Privately held Norwegian salmon producer Nordic Aquafarms has entered the US market with the announcement of plans to build an onshore Atlantic salmon farm in Maine, worth up to $500m.
The facility will be located on a 40-acre plot outside the town of Belfast. It will have an annual capacity of 33,000 tons, including hatcheries and fish processing.
Construction of the facility marks Nordic Aquafarms’ entry into the US market. The company is backed largely by Norwegian family offices, some of which are connected with the shipping industry, according to chief executive Erik Heim.
Heim told Agri Investor that Nordic Aquafarms’ search for a new production site started globally and took about six months to complete before settling on the location in Maine. The search was guided by the need for access to cold water, fresh water and sea water resources, with no pollution and easy access to demand centers, according to him.
“Maine is a seafood state,” he said.
Heim added that the facility will be built in stages, with the $150 million initial phase paid for through equity financing and $8 million in sustainability grants from the EU and the governments of Norway and Denmark. In future phases, he said, the company plans to use export guarantees from Nordic producers to help secure bank loans. Final costs for construction are expected to be between $450 million and $500 million.
Now that Nordic Aquafarms has secured the site, Heim said attention will turn to getting all the permits necessary for construction. Given that all discharge from the facility will be treated and recycled and sustainability is a key focus of his operations, he said that the project has received strong support from local officials. Its statement announcing the facility included words of support from one of Maine’s Senators, and references to meeting with the other Senator, a Congressman and the State’s Governor.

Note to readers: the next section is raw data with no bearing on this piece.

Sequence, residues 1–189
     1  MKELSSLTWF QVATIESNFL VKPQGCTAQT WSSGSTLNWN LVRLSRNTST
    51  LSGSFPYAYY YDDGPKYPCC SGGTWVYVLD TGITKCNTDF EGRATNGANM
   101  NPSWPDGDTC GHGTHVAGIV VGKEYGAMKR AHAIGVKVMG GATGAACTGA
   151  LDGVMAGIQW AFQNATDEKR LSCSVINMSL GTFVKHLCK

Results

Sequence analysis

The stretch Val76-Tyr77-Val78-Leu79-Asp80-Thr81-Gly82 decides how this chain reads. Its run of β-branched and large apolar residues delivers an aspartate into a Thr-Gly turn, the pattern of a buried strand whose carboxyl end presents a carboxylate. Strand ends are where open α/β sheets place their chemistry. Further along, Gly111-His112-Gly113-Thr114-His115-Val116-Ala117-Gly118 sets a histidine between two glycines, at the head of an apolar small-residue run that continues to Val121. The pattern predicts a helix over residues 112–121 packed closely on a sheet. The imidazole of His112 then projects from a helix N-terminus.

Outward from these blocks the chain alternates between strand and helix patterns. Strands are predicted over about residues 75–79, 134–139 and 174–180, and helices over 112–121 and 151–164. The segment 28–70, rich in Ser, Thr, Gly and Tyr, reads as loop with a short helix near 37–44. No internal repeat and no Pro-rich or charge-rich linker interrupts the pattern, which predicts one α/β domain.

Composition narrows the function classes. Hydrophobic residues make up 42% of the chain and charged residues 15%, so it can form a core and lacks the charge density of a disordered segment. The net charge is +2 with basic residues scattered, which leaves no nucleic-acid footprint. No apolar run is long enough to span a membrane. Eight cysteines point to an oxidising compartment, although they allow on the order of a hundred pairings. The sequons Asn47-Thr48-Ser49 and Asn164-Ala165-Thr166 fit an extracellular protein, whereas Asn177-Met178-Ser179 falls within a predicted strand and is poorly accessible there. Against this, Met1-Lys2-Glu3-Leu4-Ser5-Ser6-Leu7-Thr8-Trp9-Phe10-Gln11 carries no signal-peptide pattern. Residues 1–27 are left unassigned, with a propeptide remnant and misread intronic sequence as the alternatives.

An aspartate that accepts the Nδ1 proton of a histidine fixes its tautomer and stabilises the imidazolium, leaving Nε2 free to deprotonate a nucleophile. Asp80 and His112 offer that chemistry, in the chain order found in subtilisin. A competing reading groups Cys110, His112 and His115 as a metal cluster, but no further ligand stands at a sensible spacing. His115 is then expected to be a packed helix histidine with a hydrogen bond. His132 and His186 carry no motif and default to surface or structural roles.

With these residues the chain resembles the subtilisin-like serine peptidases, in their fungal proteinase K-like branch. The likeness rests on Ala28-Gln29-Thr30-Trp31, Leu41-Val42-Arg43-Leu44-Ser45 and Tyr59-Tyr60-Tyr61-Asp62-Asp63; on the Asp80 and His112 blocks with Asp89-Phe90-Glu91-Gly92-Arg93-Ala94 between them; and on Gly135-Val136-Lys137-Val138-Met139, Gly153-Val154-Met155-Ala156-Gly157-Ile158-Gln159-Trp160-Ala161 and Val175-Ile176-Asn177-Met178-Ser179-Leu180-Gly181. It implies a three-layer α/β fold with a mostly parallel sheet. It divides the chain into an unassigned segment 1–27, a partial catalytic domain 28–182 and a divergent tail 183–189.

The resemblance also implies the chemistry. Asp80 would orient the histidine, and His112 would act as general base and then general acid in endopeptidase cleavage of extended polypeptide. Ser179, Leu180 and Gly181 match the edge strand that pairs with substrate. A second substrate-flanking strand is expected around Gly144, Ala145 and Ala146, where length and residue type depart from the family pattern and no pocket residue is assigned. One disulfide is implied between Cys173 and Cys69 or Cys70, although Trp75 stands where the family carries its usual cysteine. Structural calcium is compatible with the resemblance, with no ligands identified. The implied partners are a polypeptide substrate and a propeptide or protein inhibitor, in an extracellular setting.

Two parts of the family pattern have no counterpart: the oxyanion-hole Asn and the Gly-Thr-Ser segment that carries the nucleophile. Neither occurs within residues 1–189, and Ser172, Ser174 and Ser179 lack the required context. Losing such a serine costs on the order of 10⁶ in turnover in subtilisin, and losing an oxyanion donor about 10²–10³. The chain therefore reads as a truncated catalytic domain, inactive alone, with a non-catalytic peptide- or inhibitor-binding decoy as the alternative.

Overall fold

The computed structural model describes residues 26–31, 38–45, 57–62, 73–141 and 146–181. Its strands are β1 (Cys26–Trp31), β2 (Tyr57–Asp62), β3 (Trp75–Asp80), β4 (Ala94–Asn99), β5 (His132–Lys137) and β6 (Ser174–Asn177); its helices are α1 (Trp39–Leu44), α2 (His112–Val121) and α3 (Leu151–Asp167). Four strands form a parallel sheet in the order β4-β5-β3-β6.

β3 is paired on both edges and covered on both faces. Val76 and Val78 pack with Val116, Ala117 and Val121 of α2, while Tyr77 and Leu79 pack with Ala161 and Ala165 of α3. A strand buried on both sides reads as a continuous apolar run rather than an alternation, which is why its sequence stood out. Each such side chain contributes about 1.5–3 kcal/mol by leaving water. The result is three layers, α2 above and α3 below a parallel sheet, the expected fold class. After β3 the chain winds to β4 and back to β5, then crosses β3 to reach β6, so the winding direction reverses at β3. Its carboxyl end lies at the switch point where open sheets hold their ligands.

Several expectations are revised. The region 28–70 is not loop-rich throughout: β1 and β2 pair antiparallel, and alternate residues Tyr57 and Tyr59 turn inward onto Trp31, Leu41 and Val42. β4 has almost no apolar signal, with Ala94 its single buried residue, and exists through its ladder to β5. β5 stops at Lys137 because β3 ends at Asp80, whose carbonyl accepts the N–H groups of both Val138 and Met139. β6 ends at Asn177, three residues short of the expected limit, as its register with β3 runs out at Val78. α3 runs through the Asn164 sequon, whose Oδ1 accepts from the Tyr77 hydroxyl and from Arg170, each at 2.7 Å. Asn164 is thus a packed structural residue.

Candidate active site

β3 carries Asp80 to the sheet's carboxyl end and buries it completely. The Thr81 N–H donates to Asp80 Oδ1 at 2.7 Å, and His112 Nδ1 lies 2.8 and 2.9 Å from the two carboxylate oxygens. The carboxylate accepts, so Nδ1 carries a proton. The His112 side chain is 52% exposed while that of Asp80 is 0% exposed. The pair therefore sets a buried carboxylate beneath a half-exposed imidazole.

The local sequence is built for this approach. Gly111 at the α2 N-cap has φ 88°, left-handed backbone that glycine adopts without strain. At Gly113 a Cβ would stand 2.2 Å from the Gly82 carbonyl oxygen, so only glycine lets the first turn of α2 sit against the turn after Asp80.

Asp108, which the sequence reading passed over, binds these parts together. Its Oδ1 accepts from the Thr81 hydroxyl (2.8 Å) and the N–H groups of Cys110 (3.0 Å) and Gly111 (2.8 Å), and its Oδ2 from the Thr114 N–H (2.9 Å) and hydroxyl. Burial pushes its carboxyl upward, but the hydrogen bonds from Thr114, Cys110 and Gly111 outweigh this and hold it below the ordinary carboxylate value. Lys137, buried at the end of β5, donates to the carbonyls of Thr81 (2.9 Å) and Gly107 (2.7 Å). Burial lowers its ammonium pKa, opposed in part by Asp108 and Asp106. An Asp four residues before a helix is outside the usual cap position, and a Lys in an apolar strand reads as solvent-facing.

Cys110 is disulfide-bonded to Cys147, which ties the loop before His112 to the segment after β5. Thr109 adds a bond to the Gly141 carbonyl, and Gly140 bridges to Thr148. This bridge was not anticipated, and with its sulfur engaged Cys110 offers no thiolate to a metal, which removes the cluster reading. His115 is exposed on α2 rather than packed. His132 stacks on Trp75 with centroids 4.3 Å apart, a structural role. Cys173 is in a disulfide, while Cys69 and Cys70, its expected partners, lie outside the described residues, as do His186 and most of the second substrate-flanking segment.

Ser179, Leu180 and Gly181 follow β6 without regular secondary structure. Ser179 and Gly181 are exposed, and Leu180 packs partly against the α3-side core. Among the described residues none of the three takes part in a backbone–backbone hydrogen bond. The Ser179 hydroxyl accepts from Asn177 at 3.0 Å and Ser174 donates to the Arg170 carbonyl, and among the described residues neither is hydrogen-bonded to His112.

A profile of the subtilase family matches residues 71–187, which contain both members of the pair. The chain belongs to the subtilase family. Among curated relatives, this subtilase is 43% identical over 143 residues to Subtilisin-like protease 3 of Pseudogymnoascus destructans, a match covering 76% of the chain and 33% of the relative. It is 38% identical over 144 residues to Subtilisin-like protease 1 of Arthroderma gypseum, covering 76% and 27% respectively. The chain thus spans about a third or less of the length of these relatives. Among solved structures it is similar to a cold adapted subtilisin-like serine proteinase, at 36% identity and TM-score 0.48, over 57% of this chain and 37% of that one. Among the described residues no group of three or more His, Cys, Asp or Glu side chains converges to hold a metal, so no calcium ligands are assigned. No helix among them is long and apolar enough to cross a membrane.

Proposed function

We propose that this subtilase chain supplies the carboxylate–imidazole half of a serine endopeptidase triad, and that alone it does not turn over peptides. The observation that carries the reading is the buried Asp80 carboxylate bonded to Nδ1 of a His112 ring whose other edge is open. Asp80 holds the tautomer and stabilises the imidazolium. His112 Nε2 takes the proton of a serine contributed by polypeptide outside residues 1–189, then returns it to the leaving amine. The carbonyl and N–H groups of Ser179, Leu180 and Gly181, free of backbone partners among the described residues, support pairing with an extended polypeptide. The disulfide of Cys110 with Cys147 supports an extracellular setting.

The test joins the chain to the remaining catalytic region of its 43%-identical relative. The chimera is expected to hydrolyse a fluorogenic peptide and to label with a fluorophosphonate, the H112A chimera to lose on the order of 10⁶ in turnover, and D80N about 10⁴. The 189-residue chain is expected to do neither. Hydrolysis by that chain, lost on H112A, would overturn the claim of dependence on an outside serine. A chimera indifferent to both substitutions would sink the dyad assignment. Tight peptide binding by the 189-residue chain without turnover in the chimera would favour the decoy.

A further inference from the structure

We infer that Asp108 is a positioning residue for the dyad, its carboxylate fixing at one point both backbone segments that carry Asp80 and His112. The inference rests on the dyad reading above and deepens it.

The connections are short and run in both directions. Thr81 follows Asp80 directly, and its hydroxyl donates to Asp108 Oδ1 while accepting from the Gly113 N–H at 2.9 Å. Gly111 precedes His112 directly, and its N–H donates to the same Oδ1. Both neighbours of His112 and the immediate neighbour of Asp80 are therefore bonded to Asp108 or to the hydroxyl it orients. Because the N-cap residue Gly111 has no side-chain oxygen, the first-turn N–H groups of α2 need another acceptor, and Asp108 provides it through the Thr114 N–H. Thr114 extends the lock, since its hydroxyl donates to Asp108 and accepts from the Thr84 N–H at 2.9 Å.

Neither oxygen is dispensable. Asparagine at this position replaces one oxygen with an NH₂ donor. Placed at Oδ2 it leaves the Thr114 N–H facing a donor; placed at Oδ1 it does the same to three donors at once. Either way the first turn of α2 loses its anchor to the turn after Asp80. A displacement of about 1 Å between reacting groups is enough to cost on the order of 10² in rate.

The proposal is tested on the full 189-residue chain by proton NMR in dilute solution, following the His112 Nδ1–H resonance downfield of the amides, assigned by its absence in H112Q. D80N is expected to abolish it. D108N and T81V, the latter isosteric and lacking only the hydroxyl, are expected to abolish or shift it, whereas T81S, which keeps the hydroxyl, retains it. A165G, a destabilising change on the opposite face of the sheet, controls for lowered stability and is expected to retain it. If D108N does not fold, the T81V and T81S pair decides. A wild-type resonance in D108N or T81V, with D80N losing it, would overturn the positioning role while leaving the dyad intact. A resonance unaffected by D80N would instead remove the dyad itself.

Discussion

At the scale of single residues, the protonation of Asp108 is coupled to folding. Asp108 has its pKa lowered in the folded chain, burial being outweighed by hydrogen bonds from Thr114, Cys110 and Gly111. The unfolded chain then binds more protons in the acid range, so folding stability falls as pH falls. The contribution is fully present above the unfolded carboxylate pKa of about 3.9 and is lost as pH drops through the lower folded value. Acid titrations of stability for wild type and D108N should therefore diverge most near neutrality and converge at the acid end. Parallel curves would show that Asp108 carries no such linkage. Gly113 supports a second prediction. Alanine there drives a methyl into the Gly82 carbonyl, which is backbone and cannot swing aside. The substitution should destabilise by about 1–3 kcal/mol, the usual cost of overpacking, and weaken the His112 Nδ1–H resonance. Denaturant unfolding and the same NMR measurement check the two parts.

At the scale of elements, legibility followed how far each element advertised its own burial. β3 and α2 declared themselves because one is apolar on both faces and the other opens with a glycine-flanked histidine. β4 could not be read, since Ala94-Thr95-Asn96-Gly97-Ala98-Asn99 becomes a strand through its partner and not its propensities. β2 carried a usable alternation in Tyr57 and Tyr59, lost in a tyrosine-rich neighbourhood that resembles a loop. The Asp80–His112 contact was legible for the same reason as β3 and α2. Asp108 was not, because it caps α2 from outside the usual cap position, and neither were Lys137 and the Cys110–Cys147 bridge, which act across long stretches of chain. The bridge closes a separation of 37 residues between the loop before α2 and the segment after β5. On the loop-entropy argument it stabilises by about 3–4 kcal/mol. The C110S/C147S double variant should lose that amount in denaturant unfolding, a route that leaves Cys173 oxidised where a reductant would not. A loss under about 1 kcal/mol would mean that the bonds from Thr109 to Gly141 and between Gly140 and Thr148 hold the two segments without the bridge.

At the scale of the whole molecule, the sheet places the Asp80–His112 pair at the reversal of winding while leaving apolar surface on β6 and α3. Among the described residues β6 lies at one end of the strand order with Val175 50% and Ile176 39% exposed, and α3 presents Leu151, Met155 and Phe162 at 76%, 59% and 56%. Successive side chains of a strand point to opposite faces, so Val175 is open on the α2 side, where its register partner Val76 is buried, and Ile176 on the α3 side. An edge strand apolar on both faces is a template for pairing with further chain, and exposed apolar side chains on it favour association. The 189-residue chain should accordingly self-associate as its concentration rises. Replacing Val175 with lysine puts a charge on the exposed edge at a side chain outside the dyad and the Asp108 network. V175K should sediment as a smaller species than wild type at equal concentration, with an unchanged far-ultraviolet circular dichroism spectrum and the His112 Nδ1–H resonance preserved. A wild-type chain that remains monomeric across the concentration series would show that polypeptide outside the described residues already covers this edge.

“A lot of the early innovators have made their fair share of mistakes”
Erik Heim, Nordic Aquafarms
Nordic Aquafarms has yet to settle on a recirculation system provider for the Maine facility, Heim said, adding that the company has worked with Veolia Water Technologies on its facilities in Europe.
At the IntraFish Seafood Investor Forum in New York in May, panelists compared the markets for land-based and sea pen aquaculture and offered predictions as to which would find favor amid a surge of investor interest the sector.
Risk capital appetite
Heim said his company and another, Atlantic Sapphire, are the only international players currently investing in inland aquaculture at an industrial scale. There has been a learning curve in the aquaculture industry, according to Heim, who described his company as a “fast second-mover” in looking to establish a presence in the US market after Atlantic Sapphire announced plans for a $350 million onshore facility outside Miami last year.
“A lot of the early innovators have made their fair share of mistakes,” Heim said of aquaculture more broadly. “We’re the company that’s choosing a completely different direction from the incumbent industry. We are specialized only in land-based production, we don’t do anything in the sea.”
Heim said that over the past seven or eight years, sea life and biological issues have brought about a doubling in production costs for the sea pen segment of aquaculture, pressuring prices up to cost parity with its onshore counterpart when pursued at sufficient scale.
“What we are seeing in Norway now is significant risk capital interest in land-based, while they are seeing the growth prospects of sea pen flattening out due to lack of locations,” said Heim. “In the US, I don’t think it’s matured yet. These smaller, land-based farms in the US have remained small and almost philanthropic in nature; idealistic. We haven’t really seen any US operations take this on a large scale yet, but it’s coming.”